Penn State Grad, Chairman & CEO of Medtronic talks innovations in healthcare
Penn State alumnus Geoff Martha is Chairman & CEO of Medtronic, a global leader in healthcare technology. He recently appeared on episode #54 of the Lion Legacy podcast, talking about miniaturization, AI, robotics and other disruptions in healthcare. Listen here.
These are FDA approved products out on the market today, and the AI-driving robots, that's coming soon to an operating theater new you.
In the wide-ranging discussion, Martha discusses his journey from Happy Valley to his current CEO role, delves into the fascinating and fast-evolving world of healthcare technology, and talks about how Penn State prepared him for leadership and life. Of particular interest are his insights into how innovations in robotics and artificial intelligence are already transforming the space with even more mind-blowing developments just over the horizon...
Robotics: "We're seeing a huge influx of robotics and all things surgical, even to this day. So robotics are still relatively new, in the grand scheme of things. There's still a lot of runway here. But what it's doing is starting to automate parts of procedures that surgeons do. And down the road, think: self-driving cars in the operating room. These robots will be self-driving, and the impact of this, it'll democratize good surgery. Because today, you're really highly relying on surgeons that have world-class training to get world-class surgery. And the reality of it is we can't train enough surgeons to satisfy the world's need here. So I think robotics is a big one."
Medtronic Robots: "We're on the beginning stages of this. I'm excited. Medtronic has a number of plays in surgical robotics and what they call soft tissue surgery. So think urology, gynecology, abdominal type of procedures. We have a robot for spine surgery; we have one for cranial surgery. So it's pretty exciting."
"Self-Driving" AI: "I mentioned the self-driving robots doing surgery. AI will enable that. We're not there yet, but we're definitely testing these right now in our labs. And I definitely see a day in the not too distant future where you'll have self-driving robots, and this will be driven by artificial intelligence."
AI Colonoscopy: "Artificial intelligence is impacting every industry, all healthcare, and it's really impacting our space in the medical technology area. Just one example: colonoscopy. It's standard of care for a very avoidable cancer, colon cancer, and you're supposed to start getting these colonoscopies age 45. There's a camera that goes 'you know where,' and you get a little graphic, and the surgeons are looking for polyps that are hard to pick up. They're very indistinct... and especially if they're doing like 10 of these a day, their eyes get tired, and they miss things. And we put AI in there. We've trained artificial intelligence with video from our data to find these polyps, and we're finding that surgeons actually miss maybe 50% of these. There's a high correlation between these polyps and colon cancer, and the AI is detecting it. That's one area where it's not replacing doctors - and that's going to be a long time away - but it makes them better."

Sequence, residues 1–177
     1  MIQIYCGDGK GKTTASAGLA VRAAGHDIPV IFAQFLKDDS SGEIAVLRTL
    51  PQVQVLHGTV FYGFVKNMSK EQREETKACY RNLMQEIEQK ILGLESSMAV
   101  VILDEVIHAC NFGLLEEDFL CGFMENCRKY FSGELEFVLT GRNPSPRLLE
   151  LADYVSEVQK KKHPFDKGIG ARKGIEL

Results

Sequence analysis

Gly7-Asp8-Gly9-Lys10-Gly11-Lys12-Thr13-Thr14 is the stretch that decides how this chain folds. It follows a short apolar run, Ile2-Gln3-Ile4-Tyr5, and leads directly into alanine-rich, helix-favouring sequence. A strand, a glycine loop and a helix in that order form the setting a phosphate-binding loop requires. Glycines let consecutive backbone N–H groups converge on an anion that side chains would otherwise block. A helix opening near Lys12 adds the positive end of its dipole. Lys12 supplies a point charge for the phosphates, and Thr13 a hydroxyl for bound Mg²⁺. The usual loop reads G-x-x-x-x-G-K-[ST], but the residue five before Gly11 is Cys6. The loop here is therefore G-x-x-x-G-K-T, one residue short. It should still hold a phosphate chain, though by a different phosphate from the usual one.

AI Detecting AFib: "Another one that's out in the market today: You've probably heard of atrial fibrillation or Afib. This is a growing issue for patients. As the population gets older, AFib is more prevalent. It causes deadly things like stroke. The problem with Afib, it's really hard to pick up. And we have a device that's sort of just under the skin. It's the size of a paperclip, and it's connected to your phone and into the Cloud. And we monitor people for 24 hours a day for Afib. Using the data that we have, Medtronic, after millions of these implants and billions of hours of ECG testing, we've trained an algorithm to pick up Afib and 99% of the time eliminate false positives, because there used to be a lot of false positives sent to doctors, which became noise to them and a problem. We used AI to eliminate these sensitive and specific false positives, and it's creating a new standard of care for AFib monitoring."
On the value of his Penn State experience and how it helped prepare him for his professional journey, Geoff says...
"I had just a fantastic Penn State experience from an academic standpoint. I was fortunate enough to get in the Honors Program, which helps from an academic standpoint and creates like a small school within a large school, smaller classes, extra academic support that you received. I got linked up with some great mentors there... not only great teachers, but great mentors that academically and professionally helped me map out the next four years of my college career my freshman year, including, 'these are the types of internships you need to get, these are the types of companies you need to connect with now as a sophomore,' and that really got me off on the right foot from a kind of an academic and, eventually, a professional standpoint. And then the hockey team gave me such a sense of fulfillment and self worth, and it taught me teamwork and resiliency. It was my my family within Penn State, and Penn State's this huge university. Advice I give students is you have to find your pocket in there. Get the benefits of a large university, and make sure you find your affinity group, your family within that large ecosystem."